Getting There…A Morning Walk in the Dark

“North Side students light ‘dark pathways’ to student safety and success!”

Brett and Chandler Searcy’s quality of education project will bring awareness to the community in regard to the difficulties that Perry Hilltop students encounter getting to school, such as broken city steps, “snow stops” miles away from regular bus stops, unsafe routes, and dark pathways – tangible contributing factors that cause poor attendance and therefore low achievement at school.  Government officials, school administrators, teachers, parents, and community members will be invited to take a “Morning Walk in the Dark” with students as they catch their buses, sharing first-hand the difficulties that many students face in getting to school.

Growing Morrow

“John Morrow is Growing Futures”

Donna Nyambe’s quality of education project will build a vegetable garden on the campus of John Morrow Elementary School where K-8 grade students and neighbors, including senior citizens from nearby high-rise apartments, will be invited to participate in cultivating and maintaining the garden. This project intends to help bring together young families and older residents of the area and also teach the neighborhood as a whole about healthier living. Students will grown seedlings, build raised beds, fill beds with soil and compost, and connect with volunteers from the community who will help with watering, transplanting, and care-taking in the summer months.

Hives and Honey on the Hilltop

“Perry Hilltop a haven for hives, health and honey in the heart of the community!”

Gavin Deming’s quality of place project will install and maintain honey bee hives at Ballfield Farm in Perry Hilltop so that the natural landscape will heal, agriculture will flourish, and local honey can be produced. Children will paint the hives and the effort will allow Ballfield Farm to become a Burgh Bees member site for pollinator training and education.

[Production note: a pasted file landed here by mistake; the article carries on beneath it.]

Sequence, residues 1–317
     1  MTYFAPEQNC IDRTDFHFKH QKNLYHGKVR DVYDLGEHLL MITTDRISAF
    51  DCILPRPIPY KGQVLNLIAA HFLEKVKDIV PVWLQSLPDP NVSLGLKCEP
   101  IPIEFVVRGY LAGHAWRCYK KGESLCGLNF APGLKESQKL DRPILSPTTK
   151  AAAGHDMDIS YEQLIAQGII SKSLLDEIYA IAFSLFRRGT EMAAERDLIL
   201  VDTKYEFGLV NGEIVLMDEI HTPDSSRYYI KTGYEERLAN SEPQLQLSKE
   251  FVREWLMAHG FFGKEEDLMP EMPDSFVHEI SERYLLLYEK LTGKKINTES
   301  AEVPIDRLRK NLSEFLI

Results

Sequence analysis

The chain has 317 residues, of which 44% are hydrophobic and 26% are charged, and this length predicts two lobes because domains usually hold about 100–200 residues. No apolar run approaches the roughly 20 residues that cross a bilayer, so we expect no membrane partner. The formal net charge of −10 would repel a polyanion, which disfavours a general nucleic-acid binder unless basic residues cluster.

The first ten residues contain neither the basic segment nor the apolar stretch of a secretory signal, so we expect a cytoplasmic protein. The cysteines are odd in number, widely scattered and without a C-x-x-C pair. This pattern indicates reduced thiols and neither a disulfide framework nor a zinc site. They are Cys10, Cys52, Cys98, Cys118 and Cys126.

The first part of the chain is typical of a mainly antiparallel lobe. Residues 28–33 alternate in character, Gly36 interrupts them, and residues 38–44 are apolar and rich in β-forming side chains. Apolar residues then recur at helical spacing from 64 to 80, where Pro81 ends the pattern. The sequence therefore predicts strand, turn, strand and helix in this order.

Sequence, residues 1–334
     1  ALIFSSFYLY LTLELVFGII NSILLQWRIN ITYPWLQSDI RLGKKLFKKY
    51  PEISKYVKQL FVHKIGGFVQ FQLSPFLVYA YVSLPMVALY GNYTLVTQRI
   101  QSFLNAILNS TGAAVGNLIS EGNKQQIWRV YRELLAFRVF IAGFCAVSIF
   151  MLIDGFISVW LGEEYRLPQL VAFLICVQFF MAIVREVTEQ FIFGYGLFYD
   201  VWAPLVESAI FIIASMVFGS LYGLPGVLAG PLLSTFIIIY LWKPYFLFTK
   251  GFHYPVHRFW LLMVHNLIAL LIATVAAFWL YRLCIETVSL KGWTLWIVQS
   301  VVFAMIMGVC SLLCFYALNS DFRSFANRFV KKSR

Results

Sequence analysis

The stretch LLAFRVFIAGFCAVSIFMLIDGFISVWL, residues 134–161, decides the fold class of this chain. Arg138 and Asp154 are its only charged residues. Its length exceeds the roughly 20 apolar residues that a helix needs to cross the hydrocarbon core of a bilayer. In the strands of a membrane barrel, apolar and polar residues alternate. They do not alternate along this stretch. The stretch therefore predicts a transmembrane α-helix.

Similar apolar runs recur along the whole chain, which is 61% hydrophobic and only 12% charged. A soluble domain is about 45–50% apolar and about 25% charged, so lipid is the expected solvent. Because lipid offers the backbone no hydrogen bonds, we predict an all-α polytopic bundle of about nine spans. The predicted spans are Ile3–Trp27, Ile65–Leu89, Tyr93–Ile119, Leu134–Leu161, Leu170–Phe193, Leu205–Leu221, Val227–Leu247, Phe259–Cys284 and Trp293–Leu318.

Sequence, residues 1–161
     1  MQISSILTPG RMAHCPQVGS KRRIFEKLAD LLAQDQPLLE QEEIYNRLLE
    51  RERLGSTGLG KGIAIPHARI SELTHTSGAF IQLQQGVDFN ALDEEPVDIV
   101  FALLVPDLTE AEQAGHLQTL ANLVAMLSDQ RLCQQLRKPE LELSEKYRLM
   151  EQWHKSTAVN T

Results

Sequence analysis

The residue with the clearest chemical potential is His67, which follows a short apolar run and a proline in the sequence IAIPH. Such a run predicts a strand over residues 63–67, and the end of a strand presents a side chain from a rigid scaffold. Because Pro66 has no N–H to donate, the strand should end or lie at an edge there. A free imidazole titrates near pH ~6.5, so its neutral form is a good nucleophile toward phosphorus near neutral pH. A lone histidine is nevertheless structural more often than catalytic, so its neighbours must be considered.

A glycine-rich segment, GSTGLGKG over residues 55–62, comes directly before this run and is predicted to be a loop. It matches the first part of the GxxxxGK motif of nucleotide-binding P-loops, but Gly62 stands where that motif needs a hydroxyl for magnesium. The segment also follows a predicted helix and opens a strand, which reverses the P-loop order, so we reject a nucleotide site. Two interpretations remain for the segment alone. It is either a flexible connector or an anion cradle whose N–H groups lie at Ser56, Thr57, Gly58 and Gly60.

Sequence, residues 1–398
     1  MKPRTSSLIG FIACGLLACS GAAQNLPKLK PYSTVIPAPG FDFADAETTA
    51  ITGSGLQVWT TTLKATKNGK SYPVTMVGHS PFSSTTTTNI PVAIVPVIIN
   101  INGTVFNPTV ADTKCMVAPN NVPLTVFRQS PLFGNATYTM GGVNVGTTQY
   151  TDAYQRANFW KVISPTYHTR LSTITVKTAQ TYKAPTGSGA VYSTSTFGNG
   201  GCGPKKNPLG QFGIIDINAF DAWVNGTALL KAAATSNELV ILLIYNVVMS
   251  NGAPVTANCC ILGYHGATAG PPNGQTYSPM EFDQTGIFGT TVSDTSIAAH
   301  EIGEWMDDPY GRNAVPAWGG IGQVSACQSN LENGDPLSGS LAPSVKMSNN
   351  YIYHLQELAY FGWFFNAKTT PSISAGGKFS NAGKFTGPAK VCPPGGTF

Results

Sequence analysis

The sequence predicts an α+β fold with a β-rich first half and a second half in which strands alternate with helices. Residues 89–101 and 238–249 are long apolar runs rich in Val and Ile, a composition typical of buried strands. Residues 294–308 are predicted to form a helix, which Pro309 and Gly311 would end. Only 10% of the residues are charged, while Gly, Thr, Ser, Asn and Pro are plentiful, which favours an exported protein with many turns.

MACS IOWN Enterprising Education

“Tomorrow’s Leaders are Preparing Today at MACS!”

Dennis Henderson’s quality of employment project will fund field trips to local businesses and competitions for students in involved with Manchester Academic Charter School’s Entrepreneur IOWN program, which helps students work toward a business opportunity aligned with their personal interest by working with coaches and mentors to create a business plan, market the products and services, raise money to build their businesses, and showcase their work. This program aims to help Manchester become a safer and less isolated neighborhood with more opportunities for youth by creating a safe place to learn leadership and entrepreneurship skills and addressing the absence of a business district in Manchester.

Manchester Math, Mud & More Summer Camp

“Math, Mud & More is attributed to raising 3rd graders’ math proficiency for the last two years. If your child needs help, we are here for you!”

Lisa Freeman’s quality of education project will provide an 8-week summer math camp for 25 of the most discouraged and struggling learners at Pittsburgh Manchester K-8, one of several Northside schools that has been ranked among the bottom 15% of schools statewide by the PDE. The camp will be led by Math Doctors, a teacher-acclaimed tutoring/mentoring program, and held in the “mud” at Manchester Growing Together Garden. Campers will be offered light refreshments, 2 hours of fun in concentrated learning in both Math and Science, and weekly rewards for achieving goals.